Over the last week, the newspapers have been filled with the details of a natural gas explosion in Springfield, Massachusetts. Less than three years ago, a power plant exploded in Connecticut due to improper procedures in testing gas lines resulting in multiple injuries and six deaths. As many of you may be aware, natural gas is a fuel commonly used for heating and cooking. In its natural state it is odorless but gas companies put an odor into the gas to give it its tell tale odor. Most gas lines are underground and therefore are subject to corrosion and consequently leakage. Over the years, the gas company, in an effort to minimize that problem, has created a process where they can insert plastic lines into the old pipe to further seal the line. However, through many different processes, gas leaks can occur.
The most common cause for disruption of a gas line is the accidental or intentional digging up of the gas line. The gas utilities and the cities maintain a mapping of gas lines throughout the city. They also have testing methods from the surface level to determine where existing lines are located. Whenever digging in the ground occurs, all contractors are required to call 1-800-Dig-Safe. Dig Safe then has a prescribed time in which to respond and mark out the line. However, Dig Safe is essentially a clearinghouse for that phone call directing the individual utility [gas, electric, water] to mark their lines. In the process, when that utility marks out that line, they have a prescribed time in which to do so. In addition, their marked lines can have as much as eighteen inches of variance from the center marking. Consequently, most contractors, when their digging near a known utility, know the prescribed depth of that particular line as required by law and have a rough approximation of where that utility line is. As they get closer, most contractors will dig by a shovel as opposed to a backhoe.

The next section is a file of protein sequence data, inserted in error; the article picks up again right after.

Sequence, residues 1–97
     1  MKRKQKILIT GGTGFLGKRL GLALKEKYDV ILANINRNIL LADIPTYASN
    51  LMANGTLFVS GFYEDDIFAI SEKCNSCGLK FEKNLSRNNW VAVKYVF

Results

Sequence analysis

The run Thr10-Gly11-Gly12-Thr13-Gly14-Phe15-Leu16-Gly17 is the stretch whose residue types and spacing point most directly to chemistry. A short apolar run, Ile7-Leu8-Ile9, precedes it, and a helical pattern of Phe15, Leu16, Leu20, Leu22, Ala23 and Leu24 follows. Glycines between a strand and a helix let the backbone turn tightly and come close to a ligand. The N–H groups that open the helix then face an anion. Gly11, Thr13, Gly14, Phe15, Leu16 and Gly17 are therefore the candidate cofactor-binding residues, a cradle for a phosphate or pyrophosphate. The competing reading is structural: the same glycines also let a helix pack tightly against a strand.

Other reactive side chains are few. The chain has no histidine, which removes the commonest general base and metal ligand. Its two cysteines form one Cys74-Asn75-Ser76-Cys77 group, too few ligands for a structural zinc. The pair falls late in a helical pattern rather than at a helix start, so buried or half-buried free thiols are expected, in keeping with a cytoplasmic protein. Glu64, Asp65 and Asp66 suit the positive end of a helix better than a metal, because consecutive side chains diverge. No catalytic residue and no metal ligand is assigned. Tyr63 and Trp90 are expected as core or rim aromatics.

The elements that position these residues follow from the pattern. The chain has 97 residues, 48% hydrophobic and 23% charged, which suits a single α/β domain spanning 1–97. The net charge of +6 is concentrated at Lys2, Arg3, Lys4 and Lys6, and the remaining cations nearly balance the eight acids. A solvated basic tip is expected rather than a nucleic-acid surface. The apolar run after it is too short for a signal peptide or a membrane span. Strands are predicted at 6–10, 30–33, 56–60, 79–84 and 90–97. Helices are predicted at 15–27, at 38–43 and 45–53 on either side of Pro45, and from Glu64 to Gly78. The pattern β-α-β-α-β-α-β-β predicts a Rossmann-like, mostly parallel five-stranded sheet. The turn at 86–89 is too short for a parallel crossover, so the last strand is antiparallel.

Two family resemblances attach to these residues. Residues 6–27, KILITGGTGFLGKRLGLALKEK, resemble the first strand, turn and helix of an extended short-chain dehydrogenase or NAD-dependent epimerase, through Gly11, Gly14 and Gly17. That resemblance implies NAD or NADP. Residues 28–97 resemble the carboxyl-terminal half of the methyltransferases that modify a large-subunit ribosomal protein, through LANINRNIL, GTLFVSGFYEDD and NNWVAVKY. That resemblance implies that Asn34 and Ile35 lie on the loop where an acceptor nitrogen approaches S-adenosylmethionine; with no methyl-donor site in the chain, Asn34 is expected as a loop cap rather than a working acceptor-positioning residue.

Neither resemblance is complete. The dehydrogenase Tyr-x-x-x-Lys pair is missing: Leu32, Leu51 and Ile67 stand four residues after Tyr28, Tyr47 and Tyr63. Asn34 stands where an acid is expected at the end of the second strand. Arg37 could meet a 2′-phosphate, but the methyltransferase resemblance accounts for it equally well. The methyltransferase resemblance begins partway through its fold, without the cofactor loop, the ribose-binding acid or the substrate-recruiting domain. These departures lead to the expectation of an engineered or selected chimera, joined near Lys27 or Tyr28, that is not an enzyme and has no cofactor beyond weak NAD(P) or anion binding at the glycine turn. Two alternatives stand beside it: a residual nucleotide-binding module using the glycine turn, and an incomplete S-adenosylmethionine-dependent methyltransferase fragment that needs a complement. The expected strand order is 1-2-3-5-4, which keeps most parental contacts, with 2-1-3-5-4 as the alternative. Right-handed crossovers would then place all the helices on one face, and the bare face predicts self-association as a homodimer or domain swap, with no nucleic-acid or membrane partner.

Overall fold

Often times, in gas explosion cases, it is a contractor digging up the utility line using a backhoe in close proximity to the line that causes the disruption of the line and subsequent explosion. Liability for the damage and tragedy caused by such carelessness is clear.
In addition, gas utilities often rely in part upon reports from their consumer lines as to whether or not people smell gas. The utility then logs those complaints and sends out investigators with special trucks and special equipment to comb through those areas to respond to reports of gas leaks.
In the Springfield case, there are disputed accounts as to when the gas odor was first detected. There is an unattributed account that for a period of months gas odor was being smelled in the building in question. However, the utility has responded that it was only in an hour or so before the accident that they first got a report of a gas leak. It has been reported that thereafter, the utility sent out a representative to probe for the gas leak and that representative in turn accidentally punctured a high-pressure gas line at the foundation of the building.
While the investigation into this Springfield gas explosion continues, it is clear that Columbia Gas and its efforts to investigate the leak, in fact, caused the explosion.
As this investigation into Springfield continues, investigators and lawyers will get to the practical causes of this accident. However, preventing these accidents and most importantly preventing a tragic loss of life or injury is ultimately the goal of all. What we should all know is that if you smell gas in your home, get your family out of the home immediately and leave the doors open when you leave. Do not wait to make calls from within the house to the police. Do not turn on any electrical circuits i.e. lights, as the electrical circuit can, in fact, trigger the gas explosion if enough gas is present. Having handled many [unfortunately too many] gas explosion cases, be aware and alert to work on gas lines near your homes or work or any re-installation of gas connections into your home. In those cases be hyper-vigilant to the smell of gas.